First up, thanks so much to Lulu Bates for covering last week's episode. I laughed all the way through her recap, and I so needed that laugh. Thanks too, to all of you, for your lovely notes of condolence. It's been a rough few months, much eased by you good people.
I like good people. Good people would never kill off my hottie Sheriff. And good people would never spend ten episodes telling and showing me that Emma knows when people are lying to her, and then write an episode at the halfway mark, in which she is not only completely blind to a predictably obvious set-up, but also ditches her trademark skepticism to a degree that is completely out of character. I mean, even the mirrors in my house were screaming out, "Oh c'mon, Emma!" Said mirrors are, by the way, decidedly unmagical (although sometimes, early in the morning, I suspect they are mean masters of the darkest of dark arts). Andrew Chambliss, who has done some sharp work on The Vampire Diaries, co-wrote this episode (with Ian Goldberg, whose work I do not know), so I can only hope that we have been set up as well, and that later we will learn Emma only goes along with Sidney, so that he and Regina will believe her to be an even bigger dupe than she appears in "Fruit of the Poisonous Tree."
Enchanted Forest: Good King Leopold, father of Snow White and husband of Queenie, is walking along the shore, when he happens upon a magic lantern. He wipes it off, like you do, and poof, he is standing face-to-face with the Genie of Agrabah (played by Giancarlo Esposito, i.e. the Magic Mirror/Sidney). Being a generally happy king (and at first, seemingly a bit of a dilly) Leopold has nothing he could wish for, so he uses his first wish to free Genie. He uses his second wish to grant the third wish to Genie. Grateful, Genie swears he will never use that remaining wish, because he has granted 1,0001 wishes and has never seen one that hasn't come back to bite the wisher. Caveat wisher, Your Majesty.
All is not well in Leopold's kingdom. Back at Knifingham Palace, we learn that while Leopold delights in Snow White, he makes no secret of the fact that he still pines for her late mother. Queenie, his second wife, appears to be a perpetual also-ran, when it comes to Leopold's affections. Genie's gratitude to Leopold disappears in a puff of smoke when he meets the fair, young Queenie. It is not long before he makes his move. He gifts her with a sufficiently gaudy mirror and declares her the fairest in the land. I think I am supposed to feel sorry for Queenie during most of her Enchanted Forest scenes this week, but she has thus far proven so duplicitous that I cannot believe for a moment that she ever truly loved the much older Leopold.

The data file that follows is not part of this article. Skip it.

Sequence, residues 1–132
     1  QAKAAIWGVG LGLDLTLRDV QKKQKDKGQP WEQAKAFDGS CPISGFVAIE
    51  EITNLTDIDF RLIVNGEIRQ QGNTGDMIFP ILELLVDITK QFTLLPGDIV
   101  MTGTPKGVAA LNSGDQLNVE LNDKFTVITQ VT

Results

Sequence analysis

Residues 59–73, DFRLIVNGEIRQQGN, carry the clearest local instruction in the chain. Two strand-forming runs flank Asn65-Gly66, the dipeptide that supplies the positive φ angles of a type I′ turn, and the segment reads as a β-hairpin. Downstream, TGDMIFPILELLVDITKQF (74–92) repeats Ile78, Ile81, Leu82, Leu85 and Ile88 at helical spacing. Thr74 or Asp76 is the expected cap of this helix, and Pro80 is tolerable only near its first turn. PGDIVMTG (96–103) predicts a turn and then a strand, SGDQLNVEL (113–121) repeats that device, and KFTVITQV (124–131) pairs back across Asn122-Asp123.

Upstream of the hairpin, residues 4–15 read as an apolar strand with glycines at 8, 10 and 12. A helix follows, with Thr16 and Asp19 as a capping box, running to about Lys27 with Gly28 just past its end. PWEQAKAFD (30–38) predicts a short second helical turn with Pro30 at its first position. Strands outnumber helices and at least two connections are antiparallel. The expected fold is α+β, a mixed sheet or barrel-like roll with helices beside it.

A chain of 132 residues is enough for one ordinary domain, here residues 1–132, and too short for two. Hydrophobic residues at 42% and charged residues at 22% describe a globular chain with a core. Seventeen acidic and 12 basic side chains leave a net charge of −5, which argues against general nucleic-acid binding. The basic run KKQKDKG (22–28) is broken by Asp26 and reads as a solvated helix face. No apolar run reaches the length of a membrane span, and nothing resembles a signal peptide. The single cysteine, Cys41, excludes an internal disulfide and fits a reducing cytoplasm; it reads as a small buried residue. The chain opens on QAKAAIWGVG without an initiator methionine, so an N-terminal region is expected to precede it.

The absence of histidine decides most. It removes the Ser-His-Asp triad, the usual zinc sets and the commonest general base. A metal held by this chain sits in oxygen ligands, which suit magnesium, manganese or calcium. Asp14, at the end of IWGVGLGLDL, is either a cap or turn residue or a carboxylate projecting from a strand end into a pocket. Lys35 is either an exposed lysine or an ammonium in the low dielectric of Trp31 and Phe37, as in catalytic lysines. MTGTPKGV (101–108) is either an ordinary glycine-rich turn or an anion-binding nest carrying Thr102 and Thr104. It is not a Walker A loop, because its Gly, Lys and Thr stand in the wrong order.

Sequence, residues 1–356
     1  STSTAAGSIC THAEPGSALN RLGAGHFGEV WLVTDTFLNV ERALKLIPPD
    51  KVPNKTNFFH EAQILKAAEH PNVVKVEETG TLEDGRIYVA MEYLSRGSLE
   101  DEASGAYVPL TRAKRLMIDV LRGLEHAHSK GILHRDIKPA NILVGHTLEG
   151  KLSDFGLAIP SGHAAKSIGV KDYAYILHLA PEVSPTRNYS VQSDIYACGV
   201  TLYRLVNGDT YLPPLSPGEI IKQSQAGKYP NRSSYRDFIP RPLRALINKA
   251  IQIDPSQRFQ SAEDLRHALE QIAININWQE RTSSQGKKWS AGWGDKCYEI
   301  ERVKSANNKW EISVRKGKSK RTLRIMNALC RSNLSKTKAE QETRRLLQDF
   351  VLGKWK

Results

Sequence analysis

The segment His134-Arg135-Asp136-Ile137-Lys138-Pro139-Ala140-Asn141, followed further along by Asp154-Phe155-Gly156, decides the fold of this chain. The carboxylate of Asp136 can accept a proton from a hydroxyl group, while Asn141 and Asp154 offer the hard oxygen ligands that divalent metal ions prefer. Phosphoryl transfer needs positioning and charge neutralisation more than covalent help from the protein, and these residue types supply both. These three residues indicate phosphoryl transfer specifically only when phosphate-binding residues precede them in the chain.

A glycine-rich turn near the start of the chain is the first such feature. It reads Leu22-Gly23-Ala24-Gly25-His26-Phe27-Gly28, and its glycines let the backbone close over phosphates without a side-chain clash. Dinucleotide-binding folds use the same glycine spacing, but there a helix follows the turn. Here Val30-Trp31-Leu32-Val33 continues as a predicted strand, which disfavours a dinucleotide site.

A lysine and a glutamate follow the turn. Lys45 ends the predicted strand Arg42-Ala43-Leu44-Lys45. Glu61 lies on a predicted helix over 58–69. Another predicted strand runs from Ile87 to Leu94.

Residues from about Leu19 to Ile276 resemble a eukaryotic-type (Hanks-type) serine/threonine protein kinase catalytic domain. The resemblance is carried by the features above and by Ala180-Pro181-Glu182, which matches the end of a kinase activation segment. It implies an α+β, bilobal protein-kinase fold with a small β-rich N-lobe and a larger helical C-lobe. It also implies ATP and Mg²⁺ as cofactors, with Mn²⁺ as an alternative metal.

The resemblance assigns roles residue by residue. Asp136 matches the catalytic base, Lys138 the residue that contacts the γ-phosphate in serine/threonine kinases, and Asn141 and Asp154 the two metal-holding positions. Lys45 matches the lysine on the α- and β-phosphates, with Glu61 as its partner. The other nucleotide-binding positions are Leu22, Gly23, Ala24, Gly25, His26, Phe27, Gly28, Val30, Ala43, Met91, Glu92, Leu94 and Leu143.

In her diary, Queenie gushes about the mirror and how it has reawakened her hope for love and companionship. Leopold finds the diary. He shows it to Genie and asks him to find out who the man is, who has stolen Queenie's heart. Much like Emma's uncharacteristic blind faith in Sidney, this part of the story doesn't work for me, either. When we first meet Leopold on the shore, he seems happy, kind and generous. In his court, he is publicly callous of his second wife's feeling. In this scene, alone in his chamber with Genie, Leopold appears motivated by jealousy and pride -- not love -- because he flat out says he can never love Queenie in the way for which so yearns. Now, the diary entry is rather chaste. Queenie gushes about a mirror, not a steamy affair. If he wants some sort of relationship with his wife, shouldn't he confront her and ask her to work on their marriage? If he is already wise to her wicked ways, why would he not banish her, instead? I know I'm picking nits when I don't even have their full story, yet, but at 23 minutes into the hour, I've been shown at least three different Leopolds and I am unable to engage with his character in any way.
Eventually, Leopold locks Queenie in her chambers. Queenie's father comes to Genie with a locked box and tells him that in that box lies the means to Queenie's freedom. Since Daddy cannot visit daughter, he asks Genie to deliver the box to Queenie. He does. She unlocks it to reveal the Agrabahn Vipers, which can kill with a single bite. Being the Genie of Agrabah, Genie knows all too well of their venom. When Queenie pretends she is going to allow them to bite her and free her to death, Genie stays her hand, and instead proposes using them to kill the king.
Genie brings the vipers to a sleeping Leopold's chamber and sets them loose in the king's bed. They bite Leopold (as wishes always do). As the king lays dying, Genie confesses he gave the mirror to Queenie, but then blathers about being forever in Leopold's debt, which is pretty fricking meaningless, since the king's forever is set to expire in about three seconds. Genie goes on to say that just as Leopold freed Genie, Genie must free Queenie. The king's dying words hammer home the point which was already pounded out the moment Genie laid eyes on Queenie: "You were right. I never should have made a wish."
Queenie has played Genie. The Knifingham Palace guards find the Agrabahn Vipers and who is the natural suspect -- the Genie of Agrabah. Queenie offers Genie safe passage out of the kingdom, and, after pretending otherwise for two seconds, makes it clear she has no feelings for him. Genie doesn't care. He still loves her so, that he decides to use the final wish remaining in the lamp. He wishes to look upon her face forever, and whoooooosh he goes up in smoke and finds himself imprisoned in her mirrors.